“I am not a vegetarian,” writes Jeremy Fox. “This is not a book about vegetarians: it is a book about vegetables.”

It sure is. In “On Vegetables” (Phaidon, 320 pages, $49.95), Fox has channeled his extensive knowledge of produce of all stripes into an insightful and inspiring treatise on a plant-based cooking philosophy.

Following a tenure at the former and much-heralded Ubuntu in Northern California’s Napa Valley, Fox is now at the helm of Rustic Canyon in Santa Monica, where his forward-thinking work just earned him a James Beard nomination for Best Chef: West.

In advance of an early April visit to Minneapolis, Fox discussed the benefits of larder-building, the joy of spring peas and why all cooks should have a bird’s beak knife.

Q: You wrote, “At Rustic Canyon, the food looks like itself, but tastes like a better version of itself.” What does that mean?

A: For a long time, aesthetics were so important to me. Obviously, I wanted things to taste good, but I would make decisions based on aesthetics over flavor. That’s something I definitely outgrew. Now, I want things to look very simple. Nothing extraneous. But there has to be a back story. It may look simple, but every component has to be prepared and seasoned properly, and all the details that go into building flavor have to be respected.


Q: The vivid colors in photographer Rick Poon’s images really jump off the cookbook’s pages. Is capturing color still an essential element to your cooking?

A: For sure. There’s so much vibrancy in produce, whether it’s vegetables, or fruits, or herbs, or flowers. It’s hard not to use that as an art medium, as long as the results remain delicious.


Q: Can you tell me about whole-plant cooking, the produce section’s equivalent of nose-to-tail cooking?

A: That stems from my obsession, years ago, with cooking with pork. Using the entire animal is essential, it’s paying the highest respect to the life that that animal lost. Plants are also living things, and you should try and use everything. There’s so much food waste in this country. It may not necessarily make your food better, but it’s certainly not going to make it worse. It’s the intention, and the respect, that you pay to ingredients, rather than just throwing them in the trash. And if you are throwing them away, they should go into compost.


Q: Why is it important for cooks to build a larder?

A: It’s a way to add complexity to your food, whether it’s preserving, or pickling, or making garlic confit or crème fraîche. They help build flavors in the moment, and will make your cooking taste like you’ve been at it for a long time, even if you’re quickly putting dinner together. I also just like the idea of doing things on your own. It gives you a whole other level of appreciation, knowing that you are making this great polenta using a homemade ricotta. That’s a whole different story than just buying it off the shelf. It’s more personal.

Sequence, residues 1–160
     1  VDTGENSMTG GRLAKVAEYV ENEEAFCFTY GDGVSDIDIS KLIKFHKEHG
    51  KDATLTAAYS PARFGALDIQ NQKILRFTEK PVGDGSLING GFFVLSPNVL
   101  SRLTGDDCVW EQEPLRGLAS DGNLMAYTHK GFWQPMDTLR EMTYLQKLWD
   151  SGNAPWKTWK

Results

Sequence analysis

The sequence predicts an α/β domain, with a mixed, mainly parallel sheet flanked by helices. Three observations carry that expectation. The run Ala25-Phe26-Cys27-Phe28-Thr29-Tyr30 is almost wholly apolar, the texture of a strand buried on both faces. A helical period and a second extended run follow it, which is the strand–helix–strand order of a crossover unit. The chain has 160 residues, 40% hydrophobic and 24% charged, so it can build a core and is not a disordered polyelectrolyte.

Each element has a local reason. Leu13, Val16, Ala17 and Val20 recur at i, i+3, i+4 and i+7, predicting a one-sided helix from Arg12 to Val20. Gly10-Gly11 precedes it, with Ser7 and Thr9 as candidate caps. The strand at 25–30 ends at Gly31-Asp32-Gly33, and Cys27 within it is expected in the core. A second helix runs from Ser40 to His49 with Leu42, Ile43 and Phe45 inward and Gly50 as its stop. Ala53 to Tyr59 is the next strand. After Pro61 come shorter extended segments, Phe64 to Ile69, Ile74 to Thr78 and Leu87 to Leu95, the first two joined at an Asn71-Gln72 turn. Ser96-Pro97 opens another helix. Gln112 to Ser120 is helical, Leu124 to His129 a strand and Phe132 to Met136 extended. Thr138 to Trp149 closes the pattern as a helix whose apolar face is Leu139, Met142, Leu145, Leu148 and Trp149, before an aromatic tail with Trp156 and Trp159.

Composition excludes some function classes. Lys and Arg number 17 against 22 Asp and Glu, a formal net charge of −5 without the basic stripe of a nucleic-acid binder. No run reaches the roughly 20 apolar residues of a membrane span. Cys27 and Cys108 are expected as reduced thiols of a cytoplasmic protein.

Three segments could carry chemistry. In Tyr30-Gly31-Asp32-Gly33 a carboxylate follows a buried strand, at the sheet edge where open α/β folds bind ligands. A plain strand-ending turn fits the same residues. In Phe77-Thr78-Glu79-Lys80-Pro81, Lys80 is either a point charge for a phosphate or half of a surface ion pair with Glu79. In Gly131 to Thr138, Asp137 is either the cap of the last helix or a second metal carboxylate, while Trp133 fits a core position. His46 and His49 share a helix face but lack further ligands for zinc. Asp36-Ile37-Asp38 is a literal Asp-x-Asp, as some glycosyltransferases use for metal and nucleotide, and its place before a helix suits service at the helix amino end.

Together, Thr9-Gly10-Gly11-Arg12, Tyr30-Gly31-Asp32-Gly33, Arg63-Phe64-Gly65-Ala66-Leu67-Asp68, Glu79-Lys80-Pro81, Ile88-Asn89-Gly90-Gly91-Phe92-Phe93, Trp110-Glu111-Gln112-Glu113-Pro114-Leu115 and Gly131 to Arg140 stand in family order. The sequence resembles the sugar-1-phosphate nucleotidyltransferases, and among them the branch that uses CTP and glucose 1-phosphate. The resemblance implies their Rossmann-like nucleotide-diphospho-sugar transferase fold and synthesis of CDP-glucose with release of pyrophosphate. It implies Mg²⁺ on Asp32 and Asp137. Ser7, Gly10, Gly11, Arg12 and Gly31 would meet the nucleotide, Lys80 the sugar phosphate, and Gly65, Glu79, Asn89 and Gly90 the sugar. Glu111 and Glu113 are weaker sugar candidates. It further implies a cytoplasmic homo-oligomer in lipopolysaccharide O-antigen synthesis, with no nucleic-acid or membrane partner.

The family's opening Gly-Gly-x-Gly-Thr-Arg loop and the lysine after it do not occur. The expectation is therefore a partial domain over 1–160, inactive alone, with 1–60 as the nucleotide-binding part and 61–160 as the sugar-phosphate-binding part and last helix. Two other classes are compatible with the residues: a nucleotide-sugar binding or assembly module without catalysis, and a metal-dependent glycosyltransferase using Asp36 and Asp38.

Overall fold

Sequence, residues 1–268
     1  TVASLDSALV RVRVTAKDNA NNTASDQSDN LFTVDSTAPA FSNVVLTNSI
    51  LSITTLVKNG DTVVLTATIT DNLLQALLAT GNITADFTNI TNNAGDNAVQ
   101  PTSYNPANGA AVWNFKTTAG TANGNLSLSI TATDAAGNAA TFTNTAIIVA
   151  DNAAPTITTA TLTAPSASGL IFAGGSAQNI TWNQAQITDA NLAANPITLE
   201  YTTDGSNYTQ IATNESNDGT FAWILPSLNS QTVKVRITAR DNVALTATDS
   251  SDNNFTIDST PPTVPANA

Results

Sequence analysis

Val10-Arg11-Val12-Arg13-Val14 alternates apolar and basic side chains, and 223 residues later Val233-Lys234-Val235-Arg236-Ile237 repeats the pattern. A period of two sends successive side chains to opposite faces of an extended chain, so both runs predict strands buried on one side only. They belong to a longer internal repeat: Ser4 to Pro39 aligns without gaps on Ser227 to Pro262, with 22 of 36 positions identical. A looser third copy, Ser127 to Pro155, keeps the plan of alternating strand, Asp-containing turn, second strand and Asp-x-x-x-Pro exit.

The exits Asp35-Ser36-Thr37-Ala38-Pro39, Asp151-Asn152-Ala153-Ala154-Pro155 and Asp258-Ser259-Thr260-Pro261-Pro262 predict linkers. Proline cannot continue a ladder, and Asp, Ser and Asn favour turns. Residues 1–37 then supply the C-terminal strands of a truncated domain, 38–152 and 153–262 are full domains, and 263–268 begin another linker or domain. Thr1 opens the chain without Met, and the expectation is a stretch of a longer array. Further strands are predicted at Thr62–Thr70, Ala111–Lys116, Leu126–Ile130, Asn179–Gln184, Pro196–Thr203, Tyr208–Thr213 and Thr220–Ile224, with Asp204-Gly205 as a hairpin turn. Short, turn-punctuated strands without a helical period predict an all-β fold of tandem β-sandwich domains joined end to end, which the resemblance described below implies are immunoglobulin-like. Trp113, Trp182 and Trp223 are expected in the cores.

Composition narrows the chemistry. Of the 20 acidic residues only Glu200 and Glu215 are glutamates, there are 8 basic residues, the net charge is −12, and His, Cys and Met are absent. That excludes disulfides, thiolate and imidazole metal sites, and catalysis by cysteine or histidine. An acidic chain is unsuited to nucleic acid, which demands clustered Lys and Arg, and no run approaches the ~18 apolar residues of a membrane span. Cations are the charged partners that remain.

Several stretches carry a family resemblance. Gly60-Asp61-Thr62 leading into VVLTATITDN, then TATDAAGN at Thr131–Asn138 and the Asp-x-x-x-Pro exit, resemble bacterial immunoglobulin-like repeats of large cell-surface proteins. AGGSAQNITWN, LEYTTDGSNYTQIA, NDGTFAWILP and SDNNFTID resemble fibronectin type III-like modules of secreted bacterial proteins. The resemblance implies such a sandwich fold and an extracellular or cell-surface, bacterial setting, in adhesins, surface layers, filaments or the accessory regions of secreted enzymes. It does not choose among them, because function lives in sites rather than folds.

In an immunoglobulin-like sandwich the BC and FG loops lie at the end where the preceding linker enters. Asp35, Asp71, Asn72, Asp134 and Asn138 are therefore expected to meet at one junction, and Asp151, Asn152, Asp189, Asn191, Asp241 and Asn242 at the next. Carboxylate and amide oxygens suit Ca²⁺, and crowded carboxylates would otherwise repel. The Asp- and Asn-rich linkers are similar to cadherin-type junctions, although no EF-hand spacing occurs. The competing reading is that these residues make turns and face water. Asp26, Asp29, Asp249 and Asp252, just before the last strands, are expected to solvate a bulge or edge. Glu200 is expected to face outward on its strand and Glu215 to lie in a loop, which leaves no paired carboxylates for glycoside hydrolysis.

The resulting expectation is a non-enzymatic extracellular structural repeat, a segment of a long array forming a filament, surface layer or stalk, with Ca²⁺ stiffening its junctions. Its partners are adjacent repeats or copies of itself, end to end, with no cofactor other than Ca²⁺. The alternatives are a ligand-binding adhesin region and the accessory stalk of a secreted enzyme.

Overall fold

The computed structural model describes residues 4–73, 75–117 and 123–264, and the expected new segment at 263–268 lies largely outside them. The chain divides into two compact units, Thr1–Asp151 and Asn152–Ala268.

Q: One of your larder items that really intrigues me is pepper tears, the natural juices that leach from roasted peppers. Where did that idea come from?

A: I didn’t invent them — it’s a technique that I learned from chef David Kinch at Manresa [in Los Gatos, Calif.]. It has such a great smoky-sweet taste, it’s the essential flavor of red pepper, with such a slight viscosity. It’s versatile, and a great building block, whether it’s poured on raw brassicas with pine nuts and raisins, or mixed with tomato water and served with fresh tomatoes and basil.


Q: You’re a sunchoke fan. Why?

A: It’s such a unique flavor, and it’s pretty versatile in terms of what you can do. When you roast them with their skins on, the skins get nice and crunchy, and it allows the meat inside to turn almost into candy, super-sweet and custardy.


Q: Is there an underrated vegetable?

A: Kohlrabi. It’s got such a great texture, both raw and cooked. It’s a very clean flavor, kind of like turnips, except that it’s nice and sweet.


Q: You write that the kitchen tool you use more than any other is a bird’s beak knife. What is it?

A: It’s a small paring knife. It doesn’t have a pointy tip. The blade is curved on the interior, a kind of half-moon. It’s very useful, especially with vegetables, it’s good for getting in crevices on the tops of carrots, or turning up mushrooms.


Q: Do clichéd assumptions around the word “vegetarian” irk you?

A: When I first when I first started cooking vegetarian, there was that stigma, that it was somehow lacking or unsatisfying in some way — that it was little more than tofu and brown rice — but I think that’s all changed in the last 10 years.


Q: Is there a vegetable that says “spring” to you?

A: I’m still waiting on fava beans, so it’s probably peas. We’ve had them since January. They’re my favorite spring vegetable to cook because they’re so versatile. They can be savory or sweet, and there are so many different uses for the scraps.


Q: You didn’t like them as a kid, right?

A: No. I don’t know that I had a fresh pea until I was probably 20 years old. I grew up without seeing a lot of vegetables. But being in California, and working in restaurants that had their own gardens, where we’d grow beautiful, pristine, never-seen-before produce, that created an extreme obsession, and an appreciation.